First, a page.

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At Duncan Lewis we have an experienced multi-disciplined team that is ready to stand up for your rights:

  • We frequently win appeals against a vast number of public bodies on the basis of human rights, or have decisions set aside to be made afresh, taking into account the human rights of our clients.
  • We have appealed to European Court of Human Rights, successfully protecting the rights of our clients.
  • We have also assisted many of our clients in bringing claims for damages under the Human Rights Act. (Damages for breaches of human rights are referred to as ‘just satisfaction’ for the breach).
  • We have also brought proceedings seeking a declaration of incompatibility (settled before the final hearing on the basis of a substantial payment of compensation).
  • Our Criminal Defence team specialises in challenging extradition orders based on human rights violations and work very closely with out Mental Health lawyers defending individuals with mental health issues;

Summary of Key Duncan Lewis’ Civil Liberties & Human Rights cases:

Human rights issues can arise in almost any type of case. The following are only a small selection of examples of cases in which Duncan Lewis have acted where human rights were the crucial consideration:

Article 2 – Right to life:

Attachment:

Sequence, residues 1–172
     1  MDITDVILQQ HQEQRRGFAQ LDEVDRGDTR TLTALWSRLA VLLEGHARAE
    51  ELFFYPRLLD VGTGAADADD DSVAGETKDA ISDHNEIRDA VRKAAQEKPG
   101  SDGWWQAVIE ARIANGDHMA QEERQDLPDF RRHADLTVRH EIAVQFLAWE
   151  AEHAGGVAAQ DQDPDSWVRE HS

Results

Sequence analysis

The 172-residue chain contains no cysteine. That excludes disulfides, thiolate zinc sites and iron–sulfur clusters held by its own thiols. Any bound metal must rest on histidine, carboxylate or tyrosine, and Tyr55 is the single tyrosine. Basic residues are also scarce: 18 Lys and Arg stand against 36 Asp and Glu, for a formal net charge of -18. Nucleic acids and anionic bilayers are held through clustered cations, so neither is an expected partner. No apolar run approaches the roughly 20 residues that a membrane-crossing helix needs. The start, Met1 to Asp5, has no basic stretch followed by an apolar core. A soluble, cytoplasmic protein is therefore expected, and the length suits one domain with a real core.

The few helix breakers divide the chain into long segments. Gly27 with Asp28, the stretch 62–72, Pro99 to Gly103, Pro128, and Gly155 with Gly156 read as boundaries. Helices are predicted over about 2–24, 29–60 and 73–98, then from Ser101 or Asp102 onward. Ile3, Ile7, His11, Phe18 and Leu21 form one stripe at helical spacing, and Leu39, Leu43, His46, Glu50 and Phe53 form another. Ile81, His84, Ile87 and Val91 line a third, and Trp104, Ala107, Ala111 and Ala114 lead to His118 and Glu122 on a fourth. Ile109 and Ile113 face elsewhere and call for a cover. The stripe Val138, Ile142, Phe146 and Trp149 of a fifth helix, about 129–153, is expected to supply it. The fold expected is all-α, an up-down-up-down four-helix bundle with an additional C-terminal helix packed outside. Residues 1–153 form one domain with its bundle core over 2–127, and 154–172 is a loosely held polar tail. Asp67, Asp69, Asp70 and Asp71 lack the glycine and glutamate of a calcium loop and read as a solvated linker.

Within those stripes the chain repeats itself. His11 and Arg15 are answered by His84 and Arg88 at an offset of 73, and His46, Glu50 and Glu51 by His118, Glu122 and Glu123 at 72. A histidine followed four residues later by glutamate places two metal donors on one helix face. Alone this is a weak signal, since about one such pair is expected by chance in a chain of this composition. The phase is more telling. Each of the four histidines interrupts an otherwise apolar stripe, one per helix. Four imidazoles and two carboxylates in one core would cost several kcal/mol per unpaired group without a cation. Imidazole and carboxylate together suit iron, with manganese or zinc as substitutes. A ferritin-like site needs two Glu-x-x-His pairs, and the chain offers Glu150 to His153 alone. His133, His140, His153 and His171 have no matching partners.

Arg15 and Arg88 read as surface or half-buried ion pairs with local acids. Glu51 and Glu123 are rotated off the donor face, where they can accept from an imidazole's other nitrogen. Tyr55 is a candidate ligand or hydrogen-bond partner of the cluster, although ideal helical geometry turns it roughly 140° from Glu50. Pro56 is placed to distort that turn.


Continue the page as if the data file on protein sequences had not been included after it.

On a day to day basis we represent vulnerable individuals whose life is being threatened through return to their country of claimed persecution. This along with Article 3 forms the main stay of our work, as it is most frequently invoked in these types of cases. However it will also arise in cases relating to absence of medical treatment and care of the vulnerable both, within medical establishments and prisons.

Article 3 – Right not to suffer torture, or inhuman and degrading treatment:

This firm has a long-developed specialism in dealing with Article 3 cases, this often resolves around the whether someone being returned to another country will be tortured. In domestic law, Article 3 is often invoked in relation to degrading treatment and may also relate to levels of care within medical establishments. Article 3 is an absolute right; as such no one may torture or cause another to suffering degrading treatment where the state can prevent it. In domestic law, we represented the Petitioner Limbuela in the House of Lords’ leading case on breaches of Article 3 in the United Kingdom.

SSHD v Limbuela, [2006] 1 AC 396 – Setting the standard for the application of Article 3 to domestic issues regarding homelessness causing inhuman and degrading treatment.

KH (Afghanistan) v SSHD [2009] EWCA Civ 1354 – Reviewing the law in relation to the removal of a national to another country when such a removal in its self would be inhuman and degrading.

S.H.H v The United Kingdom 60367/10 - HEJUD [2013] ECHR 102: Ruling of European Court of Human Rights on returning disabled asylum seekers

Article 4 – Prohibition against slavery and forced labour

These cases are exceptionally rare, however the issue has most recently arisen in relation to cases relating to Work Placement schemes for the long term unemployed, and/or other work schemes that have been put in place. Article 4(1) the prohibition on slavery is an absolute right as such no one may be enslaved for any reason within the United Kingdom, nor may the UK send someone to a place where this may happen.

We have extensive experience defending clients in trafficking cases, in which third country nationals are brought into the United Kingdom for forced labour and/or sexual exploitation. There are specialist procedures in such cases, and we have brought successful challenges in the High Court for failures to give trafficking victims the benefit of these provisions.